dumpling developments

How Chef Chris Cheung Tricked Out One of the World’s Most Classic Dumplings

Har gow? Har gow. Photo: Liz Clayman

Chris Cheung has a way with dumplings. At East Wind Snack Shop in Windsor Terrace, he serves some of New York’s best. Filled with dry-aged beef, they’re shaped like hockey pucks, and pan-fried on top and bottom. It might sound unlike other dumplings you’ve tried, but Cheung’s tweaks tend to be subtle and informed by years of experience. That’s the case for what he calls his “incredible har gow,” which are unlike any other version you’ll see around town: seasoned with ginger, dressed with abalone sauce, and given a crunchy, completely unexpected — but much appreciated — crust. (Oh, and they’re also available gluten-free.)

A benchmark of dim sum, traditional har gow are made in a very specific way: a translucent tapioca and wheat skin hugs its shrimp-and-bamboo filling. They’re steamed until tender, require a lot of skill to make correctly, and don’t really vary (except in quality). In other words: Har gow are har gow. “I’m one of those people that originally thought that this dumpling should not be messed with,” explains Cheung, who says he turned to his uncle — who ran a Bayard Street teahouse in Chinatown — to learn the traditional recipe. “It was the first dish — when I decided to really chase Chinese food, or really immerse myself into Chinese cooking — that I learned.”

Cheung demonstrates the dough’s elasticity. Photo: Liz Clayman

Making the dumpling right is a challenge: “It’s not just a simply wrapped dumpling. It has to be as translucent as possible, it’s a very funny skin where it’s both skinny and slick, so it’s tough to work with,” the chef points out. Cheung first experimented with the filling. After trying different seasonings and grinding methods, he ended up keeping it traditional: ground then chopped, with the usual bamboo shoots plus ginger. “We stuck to the discipline of it,” he says.

Demonstrating his folding technique. Photo: Liz Clayman

East Wind is tiny, and has only one steamer, which posed a logistical challenge. This prompted Cheung to try pan-frying the har gow before steaming, a double-cooking method like Shanghainese sheng jian bao. “That dough has shown itself in other forms in dim sum houses where they have fried it or pan-fried it, but not har gow,” he says.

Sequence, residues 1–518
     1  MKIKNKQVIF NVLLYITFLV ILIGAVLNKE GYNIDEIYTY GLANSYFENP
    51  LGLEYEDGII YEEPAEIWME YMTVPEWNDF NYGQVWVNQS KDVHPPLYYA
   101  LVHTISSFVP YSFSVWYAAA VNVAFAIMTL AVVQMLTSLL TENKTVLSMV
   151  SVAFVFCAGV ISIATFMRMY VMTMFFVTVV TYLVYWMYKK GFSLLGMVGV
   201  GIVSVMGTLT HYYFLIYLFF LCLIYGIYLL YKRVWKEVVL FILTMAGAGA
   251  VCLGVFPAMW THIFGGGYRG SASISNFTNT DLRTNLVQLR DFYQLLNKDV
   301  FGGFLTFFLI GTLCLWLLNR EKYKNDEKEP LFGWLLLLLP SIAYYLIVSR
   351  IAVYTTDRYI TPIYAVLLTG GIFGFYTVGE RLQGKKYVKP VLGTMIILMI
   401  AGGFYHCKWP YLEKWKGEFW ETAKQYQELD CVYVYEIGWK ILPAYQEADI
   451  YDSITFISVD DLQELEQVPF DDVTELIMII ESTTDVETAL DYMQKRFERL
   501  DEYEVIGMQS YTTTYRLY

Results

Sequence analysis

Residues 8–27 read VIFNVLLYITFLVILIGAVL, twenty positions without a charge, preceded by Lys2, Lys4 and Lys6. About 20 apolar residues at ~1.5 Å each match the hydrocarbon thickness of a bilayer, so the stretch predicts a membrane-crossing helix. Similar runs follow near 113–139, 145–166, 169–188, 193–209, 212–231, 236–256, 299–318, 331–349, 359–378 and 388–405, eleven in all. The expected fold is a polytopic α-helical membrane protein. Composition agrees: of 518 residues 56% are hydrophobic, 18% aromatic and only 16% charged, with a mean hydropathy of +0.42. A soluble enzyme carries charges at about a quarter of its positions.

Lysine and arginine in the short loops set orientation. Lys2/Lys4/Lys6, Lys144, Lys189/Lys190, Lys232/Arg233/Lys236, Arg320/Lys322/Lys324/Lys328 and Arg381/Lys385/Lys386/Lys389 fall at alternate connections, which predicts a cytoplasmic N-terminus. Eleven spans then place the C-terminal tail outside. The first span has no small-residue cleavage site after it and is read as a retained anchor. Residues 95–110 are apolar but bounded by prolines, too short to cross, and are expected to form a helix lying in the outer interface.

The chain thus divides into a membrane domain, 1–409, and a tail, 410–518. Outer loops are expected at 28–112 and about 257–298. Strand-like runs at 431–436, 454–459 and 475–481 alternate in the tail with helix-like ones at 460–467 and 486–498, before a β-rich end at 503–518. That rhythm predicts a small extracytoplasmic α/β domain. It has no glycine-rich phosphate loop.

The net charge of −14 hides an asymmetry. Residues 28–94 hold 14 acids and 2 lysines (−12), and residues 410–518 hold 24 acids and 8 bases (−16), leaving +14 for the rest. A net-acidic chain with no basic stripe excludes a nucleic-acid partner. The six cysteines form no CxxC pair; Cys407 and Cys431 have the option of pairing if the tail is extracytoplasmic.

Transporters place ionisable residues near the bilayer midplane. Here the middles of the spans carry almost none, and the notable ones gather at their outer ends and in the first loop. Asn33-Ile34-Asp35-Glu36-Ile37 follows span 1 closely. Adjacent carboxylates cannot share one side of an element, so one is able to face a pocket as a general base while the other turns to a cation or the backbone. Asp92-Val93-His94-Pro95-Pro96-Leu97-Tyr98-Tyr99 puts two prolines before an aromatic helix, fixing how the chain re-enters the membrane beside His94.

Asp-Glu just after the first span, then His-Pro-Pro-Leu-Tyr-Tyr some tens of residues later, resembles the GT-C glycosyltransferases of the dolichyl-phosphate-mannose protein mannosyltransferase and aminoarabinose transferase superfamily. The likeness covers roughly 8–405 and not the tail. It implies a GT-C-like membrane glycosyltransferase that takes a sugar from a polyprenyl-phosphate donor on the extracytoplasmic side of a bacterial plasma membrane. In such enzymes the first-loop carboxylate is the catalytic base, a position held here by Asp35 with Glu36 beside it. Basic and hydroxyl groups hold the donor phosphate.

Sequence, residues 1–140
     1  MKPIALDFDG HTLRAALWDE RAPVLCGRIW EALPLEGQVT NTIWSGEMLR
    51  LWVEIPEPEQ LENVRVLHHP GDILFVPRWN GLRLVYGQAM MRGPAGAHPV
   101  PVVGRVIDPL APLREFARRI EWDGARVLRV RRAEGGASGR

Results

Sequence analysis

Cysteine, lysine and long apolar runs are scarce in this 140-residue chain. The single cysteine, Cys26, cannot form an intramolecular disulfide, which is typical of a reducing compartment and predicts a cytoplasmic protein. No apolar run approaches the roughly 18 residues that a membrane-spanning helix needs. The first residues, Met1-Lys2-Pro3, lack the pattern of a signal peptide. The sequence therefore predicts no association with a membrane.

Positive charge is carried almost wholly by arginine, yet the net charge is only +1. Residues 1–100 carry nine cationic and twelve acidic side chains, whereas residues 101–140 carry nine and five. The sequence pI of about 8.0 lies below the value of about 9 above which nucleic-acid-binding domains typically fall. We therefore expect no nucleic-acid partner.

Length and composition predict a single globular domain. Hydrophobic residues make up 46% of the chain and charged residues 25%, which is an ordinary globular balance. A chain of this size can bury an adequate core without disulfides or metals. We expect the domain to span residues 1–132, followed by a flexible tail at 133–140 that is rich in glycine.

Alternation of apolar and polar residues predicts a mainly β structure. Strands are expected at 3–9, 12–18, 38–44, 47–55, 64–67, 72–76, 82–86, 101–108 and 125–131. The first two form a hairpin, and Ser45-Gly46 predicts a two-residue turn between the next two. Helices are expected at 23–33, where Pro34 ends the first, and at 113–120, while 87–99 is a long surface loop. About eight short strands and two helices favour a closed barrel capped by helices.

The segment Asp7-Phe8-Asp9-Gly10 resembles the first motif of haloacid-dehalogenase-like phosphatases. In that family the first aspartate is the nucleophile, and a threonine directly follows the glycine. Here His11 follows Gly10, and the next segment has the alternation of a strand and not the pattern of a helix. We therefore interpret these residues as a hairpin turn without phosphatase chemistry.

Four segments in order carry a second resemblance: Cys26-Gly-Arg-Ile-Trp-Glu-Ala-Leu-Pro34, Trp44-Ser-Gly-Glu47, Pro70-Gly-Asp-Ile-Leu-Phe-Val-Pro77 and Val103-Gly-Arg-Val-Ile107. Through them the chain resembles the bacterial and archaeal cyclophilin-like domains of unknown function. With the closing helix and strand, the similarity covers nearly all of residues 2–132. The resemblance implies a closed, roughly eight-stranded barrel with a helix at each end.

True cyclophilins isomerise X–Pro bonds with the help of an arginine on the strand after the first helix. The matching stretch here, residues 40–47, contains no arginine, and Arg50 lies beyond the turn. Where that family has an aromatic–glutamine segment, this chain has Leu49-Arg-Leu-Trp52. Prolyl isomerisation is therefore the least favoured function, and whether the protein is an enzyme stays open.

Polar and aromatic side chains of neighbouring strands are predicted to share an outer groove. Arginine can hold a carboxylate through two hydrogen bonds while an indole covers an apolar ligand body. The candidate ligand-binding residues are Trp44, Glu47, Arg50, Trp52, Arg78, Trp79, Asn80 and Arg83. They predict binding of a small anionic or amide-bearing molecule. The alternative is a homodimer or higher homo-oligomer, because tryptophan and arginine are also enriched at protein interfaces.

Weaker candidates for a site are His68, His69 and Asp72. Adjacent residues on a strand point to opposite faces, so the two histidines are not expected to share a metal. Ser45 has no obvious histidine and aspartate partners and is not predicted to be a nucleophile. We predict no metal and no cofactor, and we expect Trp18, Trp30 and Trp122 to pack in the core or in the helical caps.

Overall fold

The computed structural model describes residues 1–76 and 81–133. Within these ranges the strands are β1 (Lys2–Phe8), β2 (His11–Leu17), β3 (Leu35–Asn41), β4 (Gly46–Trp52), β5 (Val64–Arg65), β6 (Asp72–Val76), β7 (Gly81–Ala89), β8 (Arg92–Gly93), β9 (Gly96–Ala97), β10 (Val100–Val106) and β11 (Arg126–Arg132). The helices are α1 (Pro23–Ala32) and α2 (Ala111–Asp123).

The tapioca batter is added using a squeeze bottle. Photo: Liz Clayman
After the batter crisps, water is added and the pan is covered with a lid to steam the dumpling. Photo: Liz Clayman

Cheung toyed with the frying to get the latticelike crust. (“It’s very easy to get that with cheese,” but he says, “I would never do that — add something foreign like that — to this.”) After finding that tapioca produced a “really nice, thin, lacy crust,” he had a happy kitchen accident when he added too much batter one day. “It had a nice crispy crunch, but also that gooeyness,” he says.

The final touch is some Lee Kum Kee abalone sauce, playfully zigzagged over the dumplings. Har gow usually go “straight from the steamer to the mouth,” Cheung says, so adding a dressing was another “weird moment.” But the flavor felt right, and its taste reminds him of the dried seafood snacks he ate as a kid in Chinatown.

Look at that crispy lattice. Photo: Liz Clayman

When you get your dumplings, you’ll see why Cheung doesn’t view them as anything but har gow. The ginger and sauce provide a boost of flavor, but the pure shrimp flavor isn’t lost. The skin is soft and slightly chewy, wrapped so tightly around the shrimp that they’re practically one. And that crust? It’s as gooey and crunchy as advertised, with the pleasing bounciness found in some yucca fritters. It’ll make you wonder why nobody thought to add it before.

Adding the abalone sauce. Photo: Liz Clayman
How Chef Chris Cheung Tricked Out a Classic Dumpling